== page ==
Sunday, 24 February 2008

little bear's porridge

today was a little bear's porridge day..not too hot, not too cold, but just right. even a little scotch mist to help green the few leaves remaining in the garden.

needing a little grounding after the headiness of opening night & associated pre-performance butterflies, lukewarm pseudochampagne and requisite schmoozing (don't get me wrong, it's fun at the time) i wander out to the paddock and call up my four-legged sister, Kelpie. there's nothing like conversation with a horse, they are mind-readers and like a full focus. our horses need no catching...they enjoy company and if not already waiting at the gate will canter up as soon as they spot us.
i saddle up. i used to ride bareback all the time but the bounce (both for getting up and for sudden dismounts) isn't what it once was. at least the bridle is bitless, soft and seemingly comfy. she puts her nose into it quite happily.

one of my 'three' rides with me, bareback on the palouse pony Sparky, her red hair aflame in the afternoon sun. the elderly welsh pony trots along beside us, joyfully kicking up her heels from time to time and stopping for a snack when she feels like it. her retirement plan seems to be working nicely for her! sheep glance up at us as we ride on by, knowing by the dog's relaxed bumbling they won't be mustered today.

it's good to be out on a paddock, even if the dry of summer does make it look a bit like the badlands. a slight shift in the light and the scene is straight out of the pages of Tolkien, a grassy steppe with lichen-covered boulders that does nicely for Rohan. unfortunately the time spent in the studio in recent months, constructing costumes and works for next week's exhibition has meant that certain spontaneous plants, including the dreaded scotch thistle, have also been enjoying the scenery. Onopordum acanthium (scotch thistle) was introduced to this continent by the early settlers...specifically those with a fondness for heather and haggis.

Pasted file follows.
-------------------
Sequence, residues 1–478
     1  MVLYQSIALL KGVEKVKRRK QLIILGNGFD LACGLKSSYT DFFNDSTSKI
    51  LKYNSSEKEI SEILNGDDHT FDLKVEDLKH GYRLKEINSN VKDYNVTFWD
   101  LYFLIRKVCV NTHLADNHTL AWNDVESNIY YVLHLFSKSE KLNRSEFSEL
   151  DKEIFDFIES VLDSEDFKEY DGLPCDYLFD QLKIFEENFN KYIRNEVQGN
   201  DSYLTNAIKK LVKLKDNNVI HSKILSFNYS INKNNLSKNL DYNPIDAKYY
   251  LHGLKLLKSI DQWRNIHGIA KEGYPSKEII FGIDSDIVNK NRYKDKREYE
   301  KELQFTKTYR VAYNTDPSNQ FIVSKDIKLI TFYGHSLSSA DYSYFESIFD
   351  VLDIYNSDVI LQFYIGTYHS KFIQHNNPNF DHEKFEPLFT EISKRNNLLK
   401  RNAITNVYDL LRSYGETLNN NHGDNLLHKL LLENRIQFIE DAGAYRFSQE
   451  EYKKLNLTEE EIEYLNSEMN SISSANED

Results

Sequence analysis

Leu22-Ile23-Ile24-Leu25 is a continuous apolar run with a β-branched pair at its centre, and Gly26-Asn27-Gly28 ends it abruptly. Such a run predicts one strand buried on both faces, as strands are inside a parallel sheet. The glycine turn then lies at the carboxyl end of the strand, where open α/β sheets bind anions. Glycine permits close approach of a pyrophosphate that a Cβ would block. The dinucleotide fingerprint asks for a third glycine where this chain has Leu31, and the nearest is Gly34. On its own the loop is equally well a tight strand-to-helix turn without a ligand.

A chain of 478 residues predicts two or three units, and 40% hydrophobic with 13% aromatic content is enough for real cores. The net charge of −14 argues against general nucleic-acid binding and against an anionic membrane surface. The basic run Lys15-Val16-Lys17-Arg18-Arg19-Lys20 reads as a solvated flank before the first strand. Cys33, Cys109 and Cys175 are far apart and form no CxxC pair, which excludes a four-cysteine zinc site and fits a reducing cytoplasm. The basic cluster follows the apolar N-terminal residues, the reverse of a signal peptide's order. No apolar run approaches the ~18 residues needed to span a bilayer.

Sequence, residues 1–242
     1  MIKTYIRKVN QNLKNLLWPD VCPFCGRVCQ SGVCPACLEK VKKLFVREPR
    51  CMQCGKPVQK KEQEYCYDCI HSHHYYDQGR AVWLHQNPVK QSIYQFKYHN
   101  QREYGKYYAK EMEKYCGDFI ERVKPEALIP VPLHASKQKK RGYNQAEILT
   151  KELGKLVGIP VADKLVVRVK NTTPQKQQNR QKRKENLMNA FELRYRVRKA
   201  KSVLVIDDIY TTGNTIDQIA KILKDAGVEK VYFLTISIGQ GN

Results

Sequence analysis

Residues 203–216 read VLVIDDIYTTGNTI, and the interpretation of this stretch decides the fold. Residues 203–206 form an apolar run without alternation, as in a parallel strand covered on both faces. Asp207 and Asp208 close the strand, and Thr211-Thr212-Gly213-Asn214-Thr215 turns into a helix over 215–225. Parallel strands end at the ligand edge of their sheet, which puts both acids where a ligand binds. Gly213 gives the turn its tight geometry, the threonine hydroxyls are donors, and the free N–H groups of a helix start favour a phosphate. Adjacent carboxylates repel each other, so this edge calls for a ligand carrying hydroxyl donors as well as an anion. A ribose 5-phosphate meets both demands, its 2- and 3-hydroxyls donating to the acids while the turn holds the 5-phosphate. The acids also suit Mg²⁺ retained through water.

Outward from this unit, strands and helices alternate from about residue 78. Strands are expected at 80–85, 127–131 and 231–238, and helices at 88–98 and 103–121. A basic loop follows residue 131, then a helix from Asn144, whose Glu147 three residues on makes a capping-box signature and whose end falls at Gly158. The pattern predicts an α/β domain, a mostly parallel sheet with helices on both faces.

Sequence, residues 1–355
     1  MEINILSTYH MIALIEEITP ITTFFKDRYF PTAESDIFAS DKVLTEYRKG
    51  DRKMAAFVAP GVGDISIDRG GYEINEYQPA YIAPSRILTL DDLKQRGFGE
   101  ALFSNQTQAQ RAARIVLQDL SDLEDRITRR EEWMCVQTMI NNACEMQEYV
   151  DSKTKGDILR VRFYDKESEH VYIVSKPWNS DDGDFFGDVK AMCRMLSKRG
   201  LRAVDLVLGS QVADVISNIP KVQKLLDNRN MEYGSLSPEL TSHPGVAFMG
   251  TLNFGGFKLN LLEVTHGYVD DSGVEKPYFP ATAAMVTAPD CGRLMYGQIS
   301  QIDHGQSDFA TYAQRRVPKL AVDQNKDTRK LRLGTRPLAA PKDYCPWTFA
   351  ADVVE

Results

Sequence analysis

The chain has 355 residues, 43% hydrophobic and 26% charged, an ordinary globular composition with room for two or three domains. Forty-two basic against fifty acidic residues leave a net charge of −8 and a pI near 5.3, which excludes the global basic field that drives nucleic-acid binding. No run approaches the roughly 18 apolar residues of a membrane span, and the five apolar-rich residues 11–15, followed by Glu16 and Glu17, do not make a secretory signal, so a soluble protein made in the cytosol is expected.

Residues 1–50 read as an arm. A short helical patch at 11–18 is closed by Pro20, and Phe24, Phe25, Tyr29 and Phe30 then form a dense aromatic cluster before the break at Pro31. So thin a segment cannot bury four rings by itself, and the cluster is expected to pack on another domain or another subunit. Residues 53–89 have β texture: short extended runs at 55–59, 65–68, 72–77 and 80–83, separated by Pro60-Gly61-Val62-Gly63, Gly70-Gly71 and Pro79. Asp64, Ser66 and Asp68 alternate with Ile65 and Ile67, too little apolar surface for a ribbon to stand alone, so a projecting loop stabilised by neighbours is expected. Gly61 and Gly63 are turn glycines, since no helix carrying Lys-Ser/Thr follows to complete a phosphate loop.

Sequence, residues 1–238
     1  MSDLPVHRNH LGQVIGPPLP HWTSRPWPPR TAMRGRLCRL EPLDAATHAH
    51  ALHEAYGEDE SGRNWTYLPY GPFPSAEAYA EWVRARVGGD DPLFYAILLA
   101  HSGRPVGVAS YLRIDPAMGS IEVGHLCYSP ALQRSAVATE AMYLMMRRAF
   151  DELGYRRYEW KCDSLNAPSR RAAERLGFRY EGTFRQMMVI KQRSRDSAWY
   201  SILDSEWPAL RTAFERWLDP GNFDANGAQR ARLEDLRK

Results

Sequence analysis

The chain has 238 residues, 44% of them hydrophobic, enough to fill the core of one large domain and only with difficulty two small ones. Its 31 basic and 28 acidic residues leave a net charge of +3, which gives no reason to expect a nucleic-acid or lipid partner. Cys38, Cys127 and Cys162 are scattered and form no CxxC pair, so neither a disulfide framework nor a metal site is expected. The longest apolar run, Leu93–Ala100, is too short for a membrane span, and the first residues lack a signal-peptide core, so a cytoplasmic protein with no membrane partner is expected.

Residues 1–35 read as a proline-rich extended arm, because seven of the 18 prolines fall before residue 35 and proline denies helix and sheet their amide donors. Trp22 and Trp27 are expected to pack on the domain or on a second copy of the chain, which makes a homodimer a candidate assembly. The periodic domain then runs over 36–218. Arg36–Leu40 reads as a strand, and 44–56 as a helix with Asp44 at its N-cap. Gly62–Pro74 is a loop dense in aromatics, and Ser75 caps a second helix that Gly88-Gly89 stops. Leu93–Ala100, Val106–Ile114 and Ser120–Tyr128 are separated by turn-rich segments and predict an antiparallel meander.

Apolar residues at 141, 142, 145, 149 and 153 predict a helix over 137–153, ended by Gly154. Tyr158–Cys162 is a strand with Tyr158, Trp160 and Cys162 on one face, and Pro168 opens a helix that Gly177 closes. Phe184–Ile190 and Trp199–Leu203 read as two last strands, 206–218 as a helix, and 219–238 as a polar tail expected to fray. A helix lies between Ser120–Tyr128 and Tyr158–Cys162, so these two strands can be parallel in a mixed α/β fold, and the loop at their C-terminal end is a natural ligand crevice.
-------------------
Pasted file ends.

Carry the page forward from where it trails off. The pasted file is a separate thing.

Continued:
Georgiana Molloy, an extraordinary woman who (with her husband) was one of the early settlers of the state in the far west, wrote home to her sister "please send me some more thistle seed, quite new" as her first crop apparently failed. unlike poor Georgiana, who shuffled off this mortal coil after having too many babies in too few years (including giving birth to her first child in a tent in a storm on an ocean beach) the thistles thrived. in practical terms, this means my next studio-free day will be spent grubbing thistles, with my horse-sister curiously watching me, rather than carrying me, literally and metaphorically, away from toil...


  1. Congratulations India. I am assuming that the dance production went splendidly. I love today's post. It made me want to hop on a horse and feel the wind in my hair (which would happen as I promptly fell off again). Sounds delicious.

  2. You make me long for this lovely place. I want to visit. So I will, every day you post.

  3. When I saw you had posted about horses I had to see, and was pleasantly entertained. As far as the Scotch Thistle is concerned, we have them in Canada and all the horses I have owned will eat them in the spring before the prickles get too hard. Needless to say they ate them carefully.